My weekend was full; I was the emcee of the induction ceremony into the Great Hall, where 10 cars and 10 luminaries from Corvette history were recognized. I interviewed Dave McClellan, chief engineer of the Corvette (following Zora Arkus-Duntov), and Jerry Burton, the long-time editor of Corvette Quarterly, among others.
Plus, Erin Olson, Jeff Brinkley and Wendie, Bradley and Alex from ACC were there, and the entire team worked the various booths all weekend long.
I also spent time with Lance Miller of Carlisle Productions, and Mike Yager of Mid America Motorworks, dreaming up “rule the world” plans to coordinate a tour that would connect Bloomington, Corvettes at Carlisle and Funfest. Watch this space for more info.
The next day, I was emcee for the Bloomington Gold Certificate awards, where bronze, silver or gold levels of achievement are awarded to owners whose cars have gone through the judging process.
Bloomington has a “cars for sale” section called the Gold Mine. Wendie, Alex and I cruised it on Friday and Saturday, and my attention was drawn to a 1996 C4 with 6-speed, LT-4 engine and Z51 suspension. In red / red, it had about 40,000 miles and looked properly cared for.
It was about this time that Alex mentioned she had a friend in Yellowstone National Park she’d like to visit, and suggested the idea of driving home a Corvette from Pheasant Run to Portland via Yellowstone. When I replied that we already had purchased an airplane ticket home for her, she knew which card to play, asking, “Where’s your sense of adventure, dad?”
We checked with some of our Corvette gurus (they were plentiful at Bloomington), and they thought the 1996 C4 was really a $12,000 car, and that the Z51 suspension would be too harsh for a transcontinental run. We decided to keep looking.
I didn’t attend most of the Mecum auction, as it was running concurrently with the certificate presentations, but I took a stroll with Alex through the post-block “The Bid Goes On” sale area, where cars that didn’t meet their reserves remained on display.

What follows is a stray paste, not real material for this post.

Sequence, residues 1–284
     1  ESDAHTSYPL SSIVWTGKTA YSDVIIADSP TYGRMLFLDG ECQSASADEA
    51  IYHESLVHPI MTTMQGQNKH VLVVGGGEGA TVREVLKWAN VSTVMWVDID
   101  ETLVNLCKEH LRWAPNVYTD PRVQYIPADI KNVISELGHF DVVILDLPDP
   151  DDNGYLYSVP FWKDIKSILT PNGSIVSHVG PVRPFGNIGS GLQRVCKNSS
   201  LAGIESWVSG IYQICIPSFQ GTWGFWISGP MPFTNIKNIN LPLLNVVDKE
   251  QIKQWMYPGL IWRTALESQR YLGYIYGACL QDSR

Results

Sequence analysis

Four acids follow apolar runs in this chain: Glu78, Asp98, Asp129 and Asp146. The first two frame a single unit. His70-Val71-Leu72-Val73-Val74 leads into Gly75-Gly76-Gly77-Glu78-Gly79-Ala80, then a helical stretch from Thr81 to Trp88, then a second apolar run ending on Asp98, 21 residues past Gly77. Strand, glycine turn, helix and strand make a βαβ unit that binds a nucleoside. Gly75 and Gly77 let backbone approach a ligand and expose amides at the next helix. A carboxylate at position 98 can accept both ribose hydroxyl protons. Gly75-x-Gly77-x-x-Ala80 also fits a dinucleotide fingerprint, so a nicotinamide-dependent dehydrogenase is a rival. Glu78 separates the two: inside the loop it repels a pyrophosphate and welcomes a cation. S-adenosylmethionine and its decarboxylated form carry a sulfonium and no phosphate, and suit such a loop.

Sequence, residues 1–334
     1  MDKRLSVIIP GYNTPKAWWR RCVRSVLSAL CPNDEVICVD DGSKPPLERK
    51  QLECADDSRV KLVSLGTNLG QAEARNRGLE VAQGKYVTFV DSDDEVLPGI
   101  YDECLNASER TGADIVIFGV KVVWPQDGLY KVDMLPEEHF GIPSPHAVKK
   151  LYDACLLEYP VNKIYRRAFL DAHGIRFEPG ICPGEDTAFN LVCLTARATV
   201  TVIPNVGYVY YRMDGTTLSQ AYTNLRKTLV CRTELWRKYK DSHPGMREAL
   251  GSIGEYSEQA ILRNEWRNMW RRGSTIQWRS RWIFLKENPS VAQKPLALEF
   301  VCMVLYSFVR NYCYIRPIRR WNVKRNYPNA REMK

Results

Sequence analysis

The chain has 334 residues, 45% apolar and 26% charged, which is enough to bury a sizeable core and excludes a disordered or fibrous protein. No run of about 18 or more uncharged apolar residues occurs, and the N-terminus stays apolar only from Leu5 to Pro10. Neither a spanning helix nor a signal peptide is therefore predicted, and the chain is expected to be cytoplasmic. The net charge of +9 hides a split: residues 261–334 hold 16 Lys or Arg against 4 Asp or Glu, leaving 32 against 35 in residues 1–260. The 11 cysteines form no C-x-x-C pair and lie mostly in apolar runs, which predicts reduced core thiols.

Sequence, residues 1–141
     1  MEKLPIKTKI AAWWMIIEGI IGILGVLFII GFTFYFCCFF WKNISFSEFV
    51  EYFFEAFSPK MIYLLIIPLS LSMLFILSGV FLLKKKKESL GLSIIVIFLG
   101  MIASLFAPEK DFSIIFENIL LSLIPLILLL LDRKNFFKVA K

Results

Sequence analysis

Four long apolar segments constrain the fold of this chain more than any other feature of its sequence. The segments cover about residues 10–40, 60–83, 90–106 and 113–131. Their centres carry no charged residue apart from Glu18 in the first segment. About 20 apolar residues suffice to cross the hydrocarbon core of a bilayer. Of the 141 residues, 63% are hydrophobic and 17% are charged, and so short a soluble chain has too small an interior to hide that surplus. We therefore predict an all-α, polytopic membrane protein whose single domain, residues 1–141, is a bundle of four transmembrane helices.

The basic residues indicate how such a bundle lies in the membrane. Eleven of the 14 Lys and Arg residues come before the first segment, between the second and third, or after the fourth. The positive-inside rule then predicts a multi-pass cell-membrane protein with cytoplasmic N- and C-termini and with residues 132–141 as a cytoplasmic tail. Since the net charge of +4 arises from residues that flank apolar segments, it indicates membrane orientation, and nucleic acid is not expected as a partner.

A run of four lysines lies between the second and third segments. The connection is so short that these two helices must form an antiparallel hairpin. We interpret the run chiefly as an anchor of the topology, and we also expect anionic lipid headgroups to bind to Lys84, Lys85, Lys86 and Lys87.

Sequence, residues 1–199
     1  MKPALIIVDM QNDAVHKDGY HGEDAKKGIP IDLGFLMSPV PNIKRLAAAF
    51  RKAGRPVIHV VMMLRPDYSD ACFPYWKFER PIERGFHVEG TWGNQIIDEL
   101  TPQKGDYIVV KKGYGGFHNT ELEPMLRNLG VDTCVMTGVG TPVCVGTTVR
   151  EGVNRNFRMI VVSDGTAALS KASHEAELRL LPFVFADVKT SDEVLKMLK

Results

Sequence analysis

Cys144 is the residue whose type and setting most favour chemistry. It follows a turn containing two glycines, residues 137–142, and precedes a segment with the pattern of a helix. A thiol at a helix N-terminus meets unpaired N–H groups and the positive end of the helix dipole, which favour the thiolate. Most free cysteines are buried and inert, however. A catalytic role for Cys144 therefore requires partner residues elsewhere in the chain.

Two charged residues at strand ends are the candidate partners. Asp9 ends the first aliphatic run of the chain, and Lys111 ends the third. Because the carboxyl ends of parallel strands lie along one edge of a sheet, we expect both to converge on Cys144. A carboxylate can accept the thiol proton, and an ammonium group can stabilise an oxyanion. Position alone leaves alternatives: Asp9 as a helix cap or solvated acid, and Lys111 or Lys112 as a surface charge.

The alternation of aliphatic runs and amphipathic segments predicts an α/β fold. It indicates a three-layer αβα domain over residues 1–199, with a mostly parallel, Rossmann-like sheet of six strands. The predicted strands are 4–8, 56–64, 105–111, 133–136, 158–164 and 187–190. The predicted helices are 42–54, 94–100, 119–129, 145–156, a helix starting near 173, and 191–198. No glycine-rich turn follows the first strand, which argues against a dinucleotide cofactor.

I could sense we were getting into dangerous territory as Alex landed on a couple of C3s, C4s and even a C5, so I called in friends Michael Pierce and Jaime Gesundheit to provide counsel.
As Alex approached a particularly ratty C3, (dark blue / black), Michael dismissed the notion of “adventure” immediately. “Take the airplane home,” he said. “How much adventure is there being stuck by the side of the road in Montana because your electrical system has failed?”
We were all entertained by the owner of a 1988 convertible with a headlight that refused to open fully. “No problem,” the owner insisted, hurrying around to the front of the car as the right headlight motor clicked away, then locking the lamp into the open position by pushing down it with his hand, making it as good as new. “See?” That car was only $8,500.
The options finally narrowed to a 1996 6-speed coupe in white / tan, 40k miles, asking $14,000, and a 2001 C5, dark blue / gray, with 40k miles, asking $21,000.
Alex began plotting her route. I reminded myself that I had never really liked the styling of C5s, with their bulbous, “will hold two sets of clubs” trunk, and that I had already owned a C4 and didn’t really need one today. “Where’s the adventure in that kind of thinking?” Alex responded, right on cue.
Finally, reality reared its head in the form of Mecum specialist and Corvette expert Tom Chrisman. His position was this: If we wanted to have Alex fly in, buy a car and drive it home, let Mecum know first. They see all the cars as they come in, and a specialist will be glad to bring the right car to our attention when it appears. Or, once we’d arrived and looked over the cars, find a specialist and have him or her go over the car with us.
He suggested that starting our buying process after the auction, in the near-dark, in a lot full of cars that had not sold for unknown reasons, was perhaps not the smartest way to do things.
“Where’s the adventure in that?” I responded.
But in the end, none of the Corvettes hit that emotional sweet spot of value and appeal. Rather than force the issue and end up with an older less-reliable-but-more-attractive car, or a newer less-attractive-but-probably-reliable car, we decided to wait until the next auction.
After all, there will always be another car.